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How can leaders enhance safety culture? The importance of leadership for patient safety in corporate culture

This is article seven in an RCVS Knowledge series of features on patient safety, clinical human factors, and the principles and associated themes of Quality Improvement (QI).

My patient died today. A cat that was loved by its family. A mother, a father and a little girl who looked up at me with tears spilling from her eyes. They had trusted me to help. Instead, I had to tell them their cat died, during the procedure that was supposed to make her better. We all cried in the consult room, when I broke the news.  All of us stunned and devastated, in overwhelming measures.   

I didn’t know where to turn for help. I was embarrassed, afraid to talk to anyone about it for fear of what they might think of me. Surely I could have, should have avoided this – if only I knew better. But I didn’t really know, and I didn’t know how to do it better next time. My colleagues were equally unprepared to talk about it. There were whispers and sideways glances. 

Eventually, the awkwardness subsided as people forgot and time marched on. But time doesn’t always heal all wounds, sometimes a scar remains. However, time does give you experience, which prepares you for when you are faced with similar situations again. Like running my finger along a scar, I often think about that cat and her family. They are the reason why I do what I do today. Because I don’t want other people to have the same experience I did, to feel like they have nowhere to turn for help, to get answers to the question that we all inevitably ask ourselves, ‘how could I have done better?’

Over the years that followed, I struggled to do my best to learn from these events, never quite feeling comfortable that I was asking the right questions or seeing the whole picture. I had never experienced a setting where people openly talked about their mistakes and at that point, had never heard of the terms, significant event audit or contributory factors. However, as can happen with things viewed in hindsight, the more I lived with the questions, the answers began to unfold. Some incredibly supportive and kind mentors demonstrated, through their wisdom and experience, that patient safety and quality improvement methods provided the direction that I was looking for. 

Now, as Director of Quality Improvement (QI) for a large practice group, it is my mission to provide practice teams with structure and guidance to help improve the quality of care that they provide and learn from those events where a patient was harmed, or nearly harmed, due to veterinary care, in a way that people feel supported rather than shamed.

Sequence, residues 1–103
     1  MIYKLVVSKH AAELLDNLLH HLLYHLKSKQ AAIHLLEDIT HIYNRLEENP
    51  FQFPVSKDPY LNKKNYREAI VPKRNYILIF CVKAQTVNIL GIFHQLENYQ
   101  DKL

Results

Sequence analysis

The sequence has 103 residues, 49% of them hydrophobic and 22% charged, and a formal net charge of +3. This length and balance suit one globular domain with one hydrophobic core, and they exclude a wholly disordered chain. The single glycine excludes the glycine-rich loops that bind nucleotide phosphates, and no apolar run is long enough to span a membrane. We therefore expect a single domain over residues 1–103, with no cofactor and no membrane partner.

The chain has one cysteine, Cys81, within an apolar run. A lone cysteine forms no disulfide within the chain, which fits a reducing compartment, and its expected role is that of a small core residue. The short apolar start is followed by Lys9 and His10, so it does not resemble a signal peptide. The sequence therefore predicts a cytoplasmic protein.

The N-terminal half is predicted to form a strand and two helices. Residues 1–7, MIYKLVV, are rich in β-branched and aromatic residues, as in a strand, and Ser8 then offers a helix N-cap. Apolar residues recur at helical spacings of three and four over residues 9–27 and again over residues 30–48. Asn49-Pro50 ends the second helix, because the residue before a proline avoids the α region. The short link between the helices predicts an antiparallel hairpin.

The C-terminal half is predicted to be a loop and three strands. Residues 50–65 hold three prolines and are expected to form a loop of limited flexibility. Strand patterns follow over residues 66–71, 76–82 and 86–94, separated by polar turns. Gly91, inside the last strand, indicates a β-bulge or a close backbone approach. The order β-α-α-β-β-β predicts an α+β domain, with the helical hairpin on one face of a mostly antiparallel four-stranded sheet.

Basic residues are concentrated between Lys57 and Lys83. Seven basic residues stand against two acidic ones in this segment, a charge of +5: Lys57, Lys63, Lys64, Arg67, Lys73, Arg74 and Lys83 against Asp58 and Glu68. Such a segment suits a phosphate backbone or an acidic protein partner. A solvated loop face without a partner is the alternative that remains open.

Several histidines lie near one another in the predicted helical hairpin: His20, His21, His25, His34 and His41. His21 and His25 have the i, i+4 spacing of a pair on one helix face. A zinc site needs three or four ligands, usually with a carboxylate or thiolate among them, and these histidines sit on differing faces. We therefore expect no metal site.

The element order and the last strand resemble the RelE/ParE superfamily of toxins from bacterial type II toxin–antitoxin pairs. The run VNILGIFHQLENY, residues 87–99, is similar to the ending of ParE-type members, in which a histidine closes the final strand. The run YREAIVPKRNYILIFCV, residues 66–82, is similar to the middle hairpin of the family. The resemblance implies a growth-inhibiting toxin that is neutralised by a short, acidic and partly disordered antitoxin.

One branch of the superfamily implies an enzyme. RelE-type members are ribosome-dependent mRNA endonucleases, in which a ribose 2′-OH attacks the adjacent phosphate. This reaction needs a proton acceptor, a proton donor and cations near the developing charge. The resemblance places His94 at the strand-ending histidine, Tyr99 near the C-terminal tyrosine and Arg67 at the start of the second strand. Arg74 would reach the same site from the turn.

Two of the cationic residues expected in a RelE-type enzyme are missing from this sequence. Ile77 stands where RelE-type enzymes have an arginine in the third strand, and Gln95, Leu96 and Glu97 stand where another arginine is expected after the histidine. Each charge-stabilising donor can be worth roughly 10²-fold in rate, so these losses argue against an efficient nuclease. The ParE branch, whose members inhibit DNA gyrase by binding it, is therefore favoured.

Leaders have an opportunity to enhance a safety culture

A ‘safety culture’ relates to the extent to which organisations prioritise and support improvements in patient safety. 

The level of importance to which building a safety culture is placed in an organisation will influence the impact of any quality improvement measures. 

Patient safety is not just the responsibility of front-line teams.  Senior leaders within an organisation also have an opportunity to play an important role and their engagement will positively influence patient safety1.

First steps to creating positive change

  1. Discuss quality and safety during management meetings. Data from human healthcare demonstrates that high-performing hospitals—defined as those ranking highly on objective measures of quality and safety—tended to have leaders who were more skilled in quality and safety issues and who devoted more time to discussion of quality and safety during board meetings. Align quality and safety goals with the organisational strategy.
  2. Use data to enhance care. Set specific quality goals and use data points that demonstrate improvement to measure progress. This may include participation in vetAudit initiatives, which provide audit and benchmarking tools.